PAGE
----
“Tree large?” Black Mask said, impersonating Carats’ thick accent. “Can anyone tell me the last time a made guy got tangled up with a gambling debt?” Mask stepped out from behind his desk, and took a step toward Ducky’s restrained form before pausing and looking around. “Anyone? You, sir? The man who claims he’s Ducky DeLuca, do you care to hazard a guess?”
“I’m a made guy,” DeLuca said with all the disdain he could cough up. “You’re a goddamn ghost!”
“Send in Luigi,” Black Mask called, out, and the door to his counting room creaked open. A too-small boy with perfectly-coiffed hair, a freshly-pressed charcoal suit, and a jarringly-apparent cleft lip cutting through his otherwise innocent face walked in, and the door closed behind him.
The boy sidled up next to Black Mask, who put his hand upon the child’s shoulder, before leaning down to whisper in Luigi’s ear.
“Introduce yourself to my son,” Mask ordered.
“H-heya k-k-k-k-kid,” DeLuca put on an air of friendliness, but he struggled to make eye contact with the boy. “I’m an old friend of your Nonno. We used to work together. My name is Giuseppi, but everybody calls me Ducky.”
Luigi tugged at his father’s arm, and whispered into his ear.
“It’s rude to whisper, Luigi, tell the man your name, and tell him what you told me.”
The boy crossed and uncrossed his legs, staring down at his feet, and then looked straight into Ducky’s eyes.
“My name is Po–Luigi Scionis. I told my papa that you don’t look very much like a ducky,” the boy smiled. “And that you didn’t want to look me in the eye.”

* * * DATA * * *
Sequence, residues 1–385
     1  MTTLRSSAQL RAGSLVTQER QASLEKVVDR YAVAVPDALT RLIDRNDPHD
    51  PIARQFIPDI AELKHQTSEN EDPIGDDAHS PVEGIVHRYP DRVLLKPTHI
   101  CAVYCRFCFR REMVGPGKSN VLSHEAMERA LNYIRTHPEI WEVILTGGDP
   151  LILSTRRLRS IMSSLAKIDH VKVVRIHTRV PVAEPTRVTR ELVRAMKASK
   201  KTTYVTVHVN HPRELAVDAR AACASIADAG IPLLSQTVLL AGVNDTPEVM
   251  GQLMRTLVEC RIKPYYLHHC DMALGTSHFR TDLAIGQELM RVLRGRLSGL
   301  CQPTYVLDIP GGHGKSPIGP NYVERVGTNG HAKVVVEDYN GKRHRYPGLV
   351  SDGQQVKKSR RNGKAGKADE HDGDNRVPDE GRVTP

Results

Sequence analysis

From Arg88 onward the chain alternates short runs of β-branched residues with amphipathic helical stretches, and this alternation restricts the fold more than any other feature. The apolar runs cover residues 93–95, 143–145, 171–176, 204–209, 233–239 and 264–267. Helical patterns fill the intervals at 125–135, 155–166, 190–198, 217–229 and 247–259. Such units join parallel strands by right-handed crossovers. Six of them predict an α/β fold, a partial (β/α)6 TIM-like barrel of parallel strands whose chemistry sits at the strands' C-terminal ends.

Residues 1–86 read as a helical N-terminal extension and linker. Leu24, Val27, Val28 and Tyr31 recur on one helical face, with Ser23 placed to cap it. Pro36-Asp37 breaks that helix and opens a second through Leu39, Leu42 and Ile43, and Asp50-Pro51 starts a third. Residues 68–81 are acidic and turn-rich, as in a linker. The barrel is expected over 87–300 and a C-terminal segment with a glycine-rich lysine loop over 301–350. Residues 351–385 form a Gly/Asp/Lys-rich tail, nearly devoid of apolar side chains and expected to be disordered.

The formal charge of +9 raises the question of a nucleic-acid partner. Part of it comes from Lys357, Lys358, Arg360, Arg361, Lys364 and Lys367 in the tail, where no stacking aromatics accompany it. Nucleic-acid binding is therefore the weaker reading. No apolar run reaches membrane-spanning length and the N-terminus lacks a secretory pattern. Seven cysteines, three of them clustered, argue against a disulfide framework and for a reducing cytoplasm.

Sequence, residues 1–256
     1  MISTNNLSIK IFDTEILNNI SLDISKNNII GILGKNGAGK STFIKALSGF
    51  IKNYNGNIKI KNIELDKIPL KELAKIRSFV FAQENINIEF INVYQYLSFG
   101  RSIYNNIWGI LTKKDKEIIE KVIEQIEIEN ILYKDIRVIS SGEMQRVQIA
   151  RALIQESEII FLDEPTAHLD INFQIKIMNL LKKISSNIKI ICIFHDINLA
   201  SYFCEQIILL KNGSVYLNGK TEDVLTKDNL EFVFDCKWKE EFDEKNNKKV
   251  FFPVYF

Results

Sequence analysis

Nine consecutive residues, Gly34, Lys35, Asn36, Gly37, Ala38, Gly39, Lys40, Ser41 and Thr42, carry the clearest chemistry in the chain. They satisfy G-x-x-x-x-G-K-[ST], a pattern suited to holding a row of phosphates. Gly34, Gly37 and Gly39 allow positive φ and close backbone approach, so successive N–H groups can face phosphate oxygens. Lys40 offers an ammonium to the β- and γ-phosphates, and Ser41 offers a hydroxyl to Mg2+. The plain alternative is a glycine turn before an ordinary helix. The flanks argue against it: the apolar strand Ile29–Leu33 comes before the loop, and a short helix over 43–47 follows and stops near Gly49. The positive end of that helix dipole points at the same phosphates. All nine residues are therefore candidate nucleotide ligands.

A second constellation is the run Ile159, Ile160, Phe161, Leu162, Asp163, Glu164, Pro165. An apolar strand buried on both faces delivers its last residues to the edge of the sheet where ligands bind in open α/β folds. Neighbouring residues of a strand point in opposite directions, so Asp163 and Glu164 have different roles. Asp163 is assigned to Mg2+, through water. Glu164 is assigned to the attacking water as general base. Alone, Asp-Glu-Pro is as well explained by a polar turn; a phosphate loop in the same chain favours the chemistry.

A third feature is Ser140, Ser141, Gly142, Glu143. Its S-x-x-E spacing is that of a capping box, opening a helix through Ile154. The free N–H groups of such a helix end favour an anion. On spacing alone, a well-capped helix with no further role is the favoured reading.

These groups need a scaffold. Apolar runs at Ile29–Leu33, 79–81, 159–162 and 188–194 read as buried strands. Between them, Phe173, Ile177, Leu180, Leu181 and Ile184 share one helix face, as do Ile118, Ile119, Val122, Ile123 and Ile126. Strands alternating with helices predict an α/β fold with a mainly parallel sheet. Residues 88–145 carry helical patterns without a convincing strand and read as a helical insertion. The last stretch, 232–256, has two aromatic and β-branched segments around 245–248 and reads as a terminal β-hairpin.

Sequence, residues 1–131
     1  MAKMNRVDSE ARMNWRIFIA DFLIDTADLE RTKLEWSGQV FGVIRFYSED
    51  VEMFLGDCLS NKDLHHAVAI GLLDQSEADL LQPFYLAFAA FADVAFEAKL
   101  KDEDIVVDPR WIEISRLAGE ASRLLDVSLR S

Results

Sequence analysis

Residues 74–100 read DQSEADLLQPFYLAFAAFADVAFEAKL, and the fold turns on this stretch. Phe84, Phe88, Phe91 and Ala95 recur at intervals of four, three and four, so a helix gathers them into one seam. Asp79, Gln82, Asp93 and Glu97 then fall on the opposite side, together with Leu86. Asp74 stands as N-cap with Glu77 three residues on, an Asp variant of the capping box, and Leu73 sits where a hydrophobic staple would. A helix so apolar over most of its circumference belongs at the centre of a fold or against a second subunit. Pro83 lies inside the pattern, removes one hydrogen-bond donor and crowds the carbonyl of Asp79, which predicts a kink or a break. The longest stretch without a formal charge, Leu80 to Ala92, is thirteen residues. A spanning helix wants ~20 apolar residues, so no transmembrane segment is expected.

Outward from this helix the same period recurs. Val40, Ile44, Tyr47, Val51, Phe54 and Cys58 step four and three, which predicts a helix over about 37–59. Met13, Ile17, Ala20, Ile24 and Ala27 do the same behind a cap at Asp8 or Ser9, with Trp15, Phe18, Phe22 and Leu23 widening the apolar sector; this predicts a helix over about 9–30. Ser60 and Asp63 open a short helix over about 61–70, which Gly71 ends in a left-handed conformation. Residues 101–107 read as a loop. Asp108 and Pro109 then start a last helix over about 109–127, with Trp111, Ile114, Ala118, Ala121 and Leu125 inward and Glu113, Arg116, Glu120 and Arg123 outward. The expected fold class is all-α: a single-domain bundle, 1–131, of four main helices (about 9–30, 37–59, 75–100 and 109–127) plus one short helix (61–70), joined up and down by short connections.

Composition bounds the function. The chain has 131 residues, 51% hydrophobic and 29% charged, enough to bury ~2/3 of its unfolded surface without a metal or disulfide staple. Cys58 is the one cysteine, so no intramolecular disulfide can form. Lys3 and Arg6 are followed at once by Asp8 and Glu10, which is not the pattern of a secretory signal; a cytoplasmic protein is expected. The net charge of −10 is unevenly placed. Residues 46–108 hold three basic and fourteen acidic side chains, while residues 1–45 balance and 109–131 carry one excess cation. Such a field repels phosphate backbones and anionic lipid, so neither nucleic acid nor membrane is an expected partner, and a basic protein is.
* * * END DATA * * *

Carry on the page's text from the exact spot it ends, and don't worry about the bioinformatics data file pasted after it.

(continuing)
Black Mask patted the boy on the back twice, and sent him off to bed with a squeeze of his upper arm, then he walked over to his desk and opened the drawer, removing a Maxim Silencer, which he screwed on to the barrel of his piece
“You married, Mister DeLuca? Kids?” Black Mask asked as he stepped closer to Ducky.
“Silvio, per favore, you know that I am. My kids played with you!” Sweat pooled on the man’s brow. “Don’t do this! I can make a call and have your money in thirty minutes, plus the vig.”
At that precise moment, the phone rang, and Carats picked it up, nodding and making affirmations with vocal grunts and snorts, then he hung up.
“Hey, Mask,” Carats said. “That was Maroni, calling from the Consul’s office. Askin’ bout him,” he inclined a shoulder toward Ducky. “He said he has his money, all a big misunderstandin’. Says the Consul knows you’d never pop a made guy widdout permission.”
“Ohthankgod,” Ducky let out a long, deep sigh of relief. The goons holding his arms released him without order from Black Mask, who pointed his piece at the ceiling, but hadn’t backed off.